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A therapist's tips on caring for your mental health during COVID-19 pandemic

One piece of advice: She says to focus on what you can control rather than on what you can’t.

HARRIS COUNTY, Texas — The coronavirus isn’t the only health risk our community will have to battle. Experts say the fight for our mental health is just as serious. Counselors across the Houston area are adapting their practices to keep working with clients at home during the stay-at-home order.

“What this is is an activity to help kids understand the coronavirus,” said Brittani Persha, a registered play therapist supervisor, during a demonstration. “The rock is the coronavirus: it’s not changeable, but the play dough – this is what we can control.”

She uses the lesson with children, but with coronavirus looming, she says adults need it, too.

“Then what we tell clients is, let go of the rocks, let go of the things you can’t control.”

For Persha, that means accepting coronavirus forced her to move her practice out of an office and into her home.

“We are 100% online doing virtual counseling," she said.

She’s started posting free resources specifically for COVID-19 on her website—from how to deal with stress to sample daily schedules.

“I definitely have seen a major increase in anxiety," said Persha.

But how do you know when it’s time to get professional help?

“When your anxiety is really starting to impair your life, impair your relationships, your eating habits, your sleep,” she said.

Persha hopes people will use the coronavirus as a chance to focus on what they can control rather than on what they can’t.

“If you take care of it now, you can learn now the tools to get present to make it manageable, the effects won’t be long term.”

For more resources from Brittani Persha Counseling, click here.

Coronavirus symptoms

The symptoms of coronavirus can be similar to the flu or a bad cold. Symptoms include a fever, cough and shortness of breath, according to the Centers for Disease Control.  Some patients also have nausea, body aches, headaches and stomach issues. Losing your sense of taste and/or smell can also be an early warning sign.

Most healthy people will have mild symptoms. A study of more than 72,000 patients by the Centers for Disease Control in China showed 80 percent of the cases there were mild.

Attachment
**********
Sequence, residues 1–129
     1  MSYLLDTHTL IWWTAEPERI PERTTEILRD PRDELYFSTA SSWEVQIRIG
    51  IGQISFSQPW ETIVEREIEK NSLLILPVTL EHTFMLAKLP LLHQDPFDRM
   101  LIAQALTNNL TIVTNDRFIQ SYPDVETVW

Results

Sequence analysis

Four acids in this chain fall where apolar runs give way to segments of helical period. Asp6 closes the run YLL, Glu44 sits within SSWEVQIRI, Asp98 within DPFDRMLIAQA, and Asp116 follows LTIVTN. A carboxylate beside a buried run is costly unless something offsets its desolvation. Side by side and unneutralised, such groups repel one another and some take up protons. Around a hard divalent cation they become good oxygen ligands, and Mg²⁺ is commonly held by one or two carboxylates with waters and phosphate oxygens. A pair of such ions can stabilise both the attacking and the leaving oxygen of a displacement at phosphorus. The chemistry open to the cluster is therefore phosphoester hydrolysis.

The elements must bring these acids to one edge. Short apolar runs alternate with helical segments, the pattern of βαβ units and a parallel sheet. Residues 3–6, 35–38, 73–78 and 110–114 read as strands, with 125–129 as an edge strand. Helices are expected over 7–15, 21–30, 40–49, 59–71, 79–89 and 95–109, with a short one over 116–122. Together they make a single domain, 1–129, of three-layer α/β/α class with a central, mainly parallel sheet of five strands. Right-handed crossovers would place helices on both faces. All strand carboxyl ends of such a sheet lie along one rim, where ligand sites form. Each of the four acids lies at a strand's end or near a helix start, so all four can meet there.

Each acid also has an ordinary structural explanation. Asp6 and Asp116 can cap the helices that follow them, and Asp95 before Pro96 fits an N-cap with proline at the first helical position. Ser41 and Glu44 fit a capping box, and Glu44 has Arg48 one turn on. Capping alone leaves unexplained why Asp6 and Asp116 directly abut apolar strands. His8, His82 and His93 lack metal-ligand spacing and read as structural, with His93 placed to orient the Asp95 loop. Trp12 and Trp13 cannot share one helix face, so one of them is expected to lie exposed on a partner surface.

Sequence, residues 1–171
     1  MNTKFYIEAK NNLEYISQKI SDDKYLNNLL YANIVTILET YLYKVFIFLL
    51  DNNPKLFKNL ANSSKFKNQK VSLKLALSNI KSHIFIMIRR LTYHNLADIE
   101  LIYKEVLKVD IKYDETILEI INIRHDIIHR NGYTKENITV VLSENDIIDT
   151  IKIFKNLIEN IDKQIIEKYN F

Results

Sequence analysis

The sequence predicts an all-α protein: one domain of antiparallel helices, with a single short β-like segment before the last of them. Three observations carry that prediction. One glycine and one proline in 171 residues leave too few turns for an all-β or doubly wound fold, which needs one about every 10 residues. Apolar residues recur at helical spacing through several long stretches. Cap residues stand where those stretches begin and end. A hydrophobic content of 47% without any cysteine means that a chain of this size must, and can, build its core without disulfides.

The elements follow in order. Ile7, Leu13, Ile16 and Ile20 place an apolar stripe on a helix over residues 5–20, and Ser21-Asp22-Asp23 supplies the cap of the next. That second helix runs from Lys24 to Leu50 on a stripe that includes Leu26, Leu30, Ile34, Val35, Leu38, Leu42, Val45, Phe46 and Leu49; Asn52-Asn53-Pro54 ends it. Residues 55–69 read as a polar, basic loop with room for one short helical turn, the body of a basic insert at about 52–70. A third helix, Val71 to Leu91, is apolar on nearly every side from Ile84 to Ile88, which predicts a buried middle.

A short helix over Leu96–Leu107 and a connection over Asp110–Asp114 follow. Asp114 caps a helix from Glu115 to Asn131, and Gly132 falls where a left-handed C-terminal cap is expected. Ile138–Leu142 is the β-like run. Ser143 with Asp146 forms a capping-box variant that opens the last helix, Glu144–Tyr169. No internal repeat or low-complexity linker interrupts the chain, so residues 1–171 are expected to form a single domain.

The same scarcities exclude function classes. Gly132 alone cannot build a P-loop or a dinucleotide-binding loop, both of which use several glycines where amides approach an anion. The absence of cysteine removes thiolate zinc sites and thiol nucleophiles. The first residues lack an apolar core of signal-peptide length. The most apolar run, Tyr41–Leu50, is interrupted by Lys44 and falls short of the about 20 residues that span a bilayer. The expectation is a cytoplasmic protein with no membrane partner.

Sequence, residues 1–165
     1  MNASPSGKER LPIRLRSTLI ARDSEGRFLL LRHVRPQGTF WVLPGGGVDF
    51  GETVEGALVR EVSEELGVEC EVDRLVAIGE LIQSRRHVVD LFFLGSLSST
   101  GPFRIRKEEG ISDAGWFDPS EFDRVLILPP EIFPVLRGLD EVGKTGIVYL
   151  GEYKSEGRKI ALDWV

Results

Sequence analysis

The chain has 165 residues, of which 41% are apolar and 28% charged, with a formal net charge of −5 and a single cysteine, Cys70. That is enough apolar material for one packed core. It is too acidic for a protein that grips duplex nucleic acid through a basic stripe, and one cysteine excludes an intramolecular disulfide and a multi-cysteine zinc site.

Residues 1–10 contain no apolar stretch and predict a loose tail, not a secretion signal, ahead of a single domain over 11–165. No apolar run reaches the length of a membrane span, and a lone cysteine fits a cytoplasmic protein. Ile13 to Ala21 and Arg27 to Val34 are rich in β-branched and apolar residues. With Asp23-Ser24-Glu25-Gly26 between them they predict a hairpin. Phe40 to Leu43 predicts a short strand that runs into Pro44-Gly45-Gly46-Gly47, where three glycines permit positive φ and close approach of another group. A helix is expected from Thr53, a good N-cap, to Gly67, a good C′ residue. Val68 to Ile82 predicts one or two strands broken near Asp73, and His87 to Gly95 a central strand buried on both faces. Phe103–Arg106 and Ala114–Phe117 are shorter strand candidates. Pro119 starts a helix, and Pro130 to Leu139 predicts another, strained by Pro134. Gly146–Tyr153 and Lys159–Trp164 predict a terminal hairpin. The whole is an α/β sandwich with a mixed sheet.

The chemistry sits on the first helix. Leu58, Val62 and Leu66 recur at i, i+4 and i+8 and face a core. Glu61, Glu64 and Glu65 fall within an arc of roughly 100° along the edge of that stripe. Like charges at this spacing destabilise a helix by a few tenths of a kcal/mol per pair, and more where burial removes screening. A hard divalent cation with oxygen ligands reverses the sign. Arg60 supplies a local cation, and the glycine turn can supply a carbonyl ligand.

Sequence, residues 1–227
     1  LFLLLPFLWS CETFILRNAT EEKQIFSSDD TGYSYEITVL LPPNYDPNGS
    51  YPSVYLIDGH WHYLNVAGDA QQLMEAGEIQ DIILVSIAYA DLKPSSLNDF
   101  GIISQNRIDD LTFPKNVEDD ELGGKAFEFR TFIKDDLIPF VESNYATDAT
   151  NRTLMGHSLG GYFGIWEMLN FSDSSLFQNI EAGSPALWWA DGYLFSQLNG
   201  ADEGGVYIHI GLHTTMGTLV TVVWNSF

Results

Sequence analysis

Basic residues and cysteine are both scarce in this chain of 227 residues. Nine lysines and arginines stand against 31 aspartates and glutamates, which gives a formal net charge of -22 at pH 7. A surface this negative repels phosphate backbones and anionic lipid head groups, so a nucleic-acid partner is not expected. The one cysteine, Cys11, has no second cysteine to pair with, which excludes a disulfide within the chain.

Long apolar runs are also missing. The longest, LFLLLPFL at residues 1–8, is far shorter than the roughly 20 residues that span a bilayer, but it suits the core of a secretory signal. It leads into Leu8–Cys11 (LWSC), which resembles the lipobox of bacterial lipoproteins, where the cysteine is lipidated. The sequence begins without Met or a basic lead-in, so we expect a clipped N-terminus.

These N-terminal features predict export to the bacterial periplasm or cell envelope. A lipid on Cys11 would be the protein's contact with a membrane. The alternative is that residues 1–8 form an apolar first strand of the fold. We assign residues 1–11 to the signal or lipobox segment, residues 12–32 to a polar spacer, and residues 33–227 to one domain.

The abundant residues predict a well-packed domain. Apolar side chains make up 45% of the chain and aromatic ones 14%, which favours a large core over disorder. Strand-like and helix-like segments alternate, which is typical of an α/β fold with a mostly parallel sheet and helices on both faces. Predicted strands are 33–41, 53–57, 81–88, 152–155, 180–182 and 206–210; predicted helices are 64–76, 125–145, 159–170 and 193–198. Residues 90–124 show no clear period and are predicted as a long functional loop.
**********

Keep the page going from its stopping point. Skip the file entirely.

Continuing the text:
But infections can cause pneumonia, severe acute respiratory syndrome, kidney failure and even death, according to the World Health Organization. Older people with underlying health conditions are most at risk for becoming seriously ill. However, U.S. experts are seeing a significant number of younger people being hospitalized, including some in ICU.

The CDC believes symptoms may appear anywhere from two to 14 days after being exposed.

Human coronaviruses are usually spread through...

  • The air by coughing or sneezing
  • Close personal contact, such as touching or shaking hands
  • Touching an object or surface with the virus on it, then touching your mouth, nose or eyes before washing your hands.

Help stop the spread of coronavirus

  • Stay home when you are sick.
  • Eat and sleep separately from your family members
  • Use different utensils and dishes
  • Cover your cough or sneeze with your arm, not your hand.
  • If you use a tissue, throw it in the trash.
  • Follow social distancing

Lower your risk

  • Wash your hands often with soap and water for at least 20 seconds. If soap and water are not available, use an alcohol-based hand sanitizer.
  • Avoid touching your eyes, nose, and mouth with unwashed hands.
  • Avoid close contact with people who are sick.
  • Clean and disinfect frequently touched objects and surfaces.
  • If you are 60 or over and have an underlying health condition such as cardiovascular disease, diabetes or respiratory illnesses like asthma or COPD, the World Health Organization advises you to try to avoid crowds or places where you might interact with people who are sick.

Get complete coverage of the coronavirus by texting 'FACTS' to 713-526-1111.

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